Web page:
False memories: how and why do they occur?

The "false memories" phenomenon is normal and can occur even in healthy people. The reasons for forming these memories are many, from alcohol intoxication to traumatic memories from childhood. Our brain modifies at its discretion to protect our nervous system from stress. False memories might also become ordinary fantasies, so vivid and emotional that they take hold. Suppose false memories start to dominate over the real ones. In that case, it is already paramnesia. This memory disorder manifests itself by distorting past events to eliminate the gaps due to conditions. However, it is an established medical diagnosis, and paramnesia is rare.

In any case, it happens the same way: already existing neural groups are activated in a person, which underlies certain memories, in connection with which these neural groups begin to complete their construction, "accumulating" with non-existent details, fictional events, etc. Thus, the new activity of neural groups reshapes the old one, and distorted memories appear.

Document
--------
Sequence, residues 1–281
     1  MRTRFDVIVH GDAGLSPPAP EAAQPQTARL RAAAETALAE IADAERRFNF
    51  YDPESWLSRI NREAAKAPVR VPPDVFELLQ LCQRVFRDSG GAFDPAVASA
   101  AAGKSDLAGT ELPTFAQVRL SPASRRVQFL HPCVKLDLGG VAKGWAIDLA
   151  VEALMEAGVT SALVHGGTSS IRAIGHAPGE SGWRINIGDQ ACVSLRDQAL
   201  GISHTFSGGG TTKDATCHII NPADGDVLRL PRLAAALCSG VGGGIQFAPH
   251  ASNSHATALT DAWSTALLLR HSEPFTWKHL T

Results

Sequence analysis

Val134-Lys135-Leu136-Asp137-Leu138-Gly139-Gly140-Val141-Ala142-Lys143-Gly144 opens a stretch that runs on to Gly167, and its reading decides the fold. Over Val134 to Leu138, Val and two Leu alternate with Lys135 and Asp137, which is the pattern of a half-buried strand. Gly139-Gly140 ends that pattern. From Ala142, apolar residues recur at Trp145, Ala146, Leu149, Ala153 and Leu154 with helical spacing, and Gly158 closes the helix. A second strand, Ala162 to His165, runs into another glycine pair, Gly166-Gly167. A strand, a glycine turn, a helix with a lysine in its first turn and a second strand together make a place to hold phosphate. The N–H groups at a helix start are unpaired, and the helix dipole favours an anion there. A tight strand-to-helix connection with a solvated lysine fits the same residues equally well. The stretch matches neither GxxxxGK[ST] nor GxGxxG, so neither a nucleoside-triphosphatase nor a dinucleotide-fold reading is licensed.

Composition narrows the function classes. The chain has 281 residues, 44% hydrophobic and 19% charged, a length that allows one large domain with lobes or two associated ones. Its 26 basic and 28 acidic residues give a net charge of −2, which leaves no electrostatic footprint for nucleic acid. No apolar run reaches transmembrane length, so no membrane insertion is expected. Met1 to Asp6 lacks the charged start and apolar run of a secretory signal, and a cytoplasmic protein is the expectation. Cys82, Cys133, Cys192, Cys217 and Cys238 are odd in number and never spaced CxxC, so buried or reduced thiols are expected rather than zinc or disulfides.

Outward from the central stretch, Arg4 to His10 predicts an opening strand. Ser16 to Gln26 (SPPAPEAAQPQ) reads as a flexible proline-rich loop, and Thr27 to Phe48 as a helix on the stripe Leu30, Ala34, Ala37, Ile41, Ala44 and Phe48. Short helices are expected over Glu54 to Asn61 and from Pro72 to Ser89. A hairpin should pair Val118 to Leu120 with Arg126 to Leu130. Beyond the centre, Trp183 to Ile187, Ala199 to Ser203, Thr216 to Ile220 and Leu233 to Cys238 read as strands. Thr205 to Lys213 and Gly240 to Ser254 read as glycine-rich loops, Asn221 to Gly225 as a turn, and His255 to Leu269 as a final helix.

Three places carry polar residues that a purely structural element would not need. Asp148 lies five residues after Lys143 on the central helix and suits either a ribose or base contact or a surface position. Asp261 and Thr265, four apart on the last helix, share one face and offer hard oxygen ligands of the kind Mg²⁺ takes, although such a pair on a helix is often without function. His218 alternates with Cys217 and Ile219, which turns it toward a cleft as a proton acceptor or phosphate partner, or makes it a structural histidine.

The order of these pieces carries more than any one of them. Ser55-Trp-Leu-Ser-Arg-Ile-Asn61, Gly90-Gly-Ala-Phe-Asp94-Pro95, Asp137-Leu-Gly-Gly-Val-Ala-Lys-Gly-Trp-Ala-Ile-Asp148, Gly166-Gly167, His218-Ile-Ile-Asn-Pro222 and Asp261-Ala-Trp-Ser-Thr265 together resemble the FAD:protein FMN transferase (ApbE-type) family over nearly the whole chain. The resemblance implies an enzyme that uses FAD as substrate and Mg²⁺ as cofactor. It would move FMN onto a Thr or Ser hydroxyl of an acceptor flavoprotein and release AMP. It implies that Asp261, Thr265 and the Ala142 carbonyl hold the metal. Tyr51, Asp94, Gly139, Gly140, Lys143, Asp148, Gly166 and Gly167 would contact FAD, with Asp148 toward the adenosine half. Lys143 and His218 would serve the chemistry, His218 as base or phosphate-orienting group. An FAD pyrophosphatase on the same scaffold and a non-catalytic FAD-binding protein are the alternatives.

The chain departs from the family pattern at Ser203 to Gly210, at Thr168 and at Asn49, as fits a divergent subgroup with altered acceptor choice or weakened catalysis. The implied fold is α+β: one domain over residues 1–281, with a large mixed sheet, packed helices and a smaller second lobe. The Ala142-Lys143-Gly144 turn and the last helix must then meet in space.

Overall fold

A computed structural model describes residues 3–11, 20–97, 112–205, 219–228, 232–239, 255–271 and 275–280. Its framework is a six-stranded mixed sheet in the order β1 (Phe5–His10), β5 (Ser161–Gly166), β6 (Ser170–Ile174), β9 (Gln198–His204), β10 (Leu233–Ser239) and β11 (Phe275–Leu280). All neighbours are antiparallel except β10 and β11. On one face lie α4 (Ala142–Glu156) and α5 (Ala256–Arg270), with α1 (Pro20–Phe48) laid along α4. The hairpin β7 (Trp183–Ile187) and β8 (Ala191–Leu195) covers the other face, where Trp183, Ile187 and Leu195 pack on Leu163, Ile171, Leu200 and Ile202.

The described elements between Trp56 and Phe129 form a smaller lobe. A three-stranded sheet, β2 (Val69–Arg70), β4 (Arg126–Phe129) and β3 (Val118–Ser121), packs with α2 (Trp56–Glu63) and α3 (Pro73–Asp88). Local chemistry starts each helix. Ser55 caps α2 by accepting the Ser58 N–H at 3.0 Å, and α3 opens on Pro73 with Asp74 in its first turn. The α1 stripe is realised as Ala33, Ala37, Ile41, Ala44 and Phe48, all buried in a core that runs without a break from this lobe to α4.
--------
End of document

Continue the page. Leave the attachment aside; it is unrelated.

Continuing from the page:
The American psychologist Elizabeth Loftus has demonstrated that the human memory can be purposefully changed using certain techniques. She conducted the first-ever experiment back in 1995: the participants were told various stories that supposedly happened to them during their childhood, which their parents shared with psychologists. Then, she asked the participants to recall the details of those events. As a result, they remembered something that did not occur. Instead, they believed that the story told happened to them during childhood.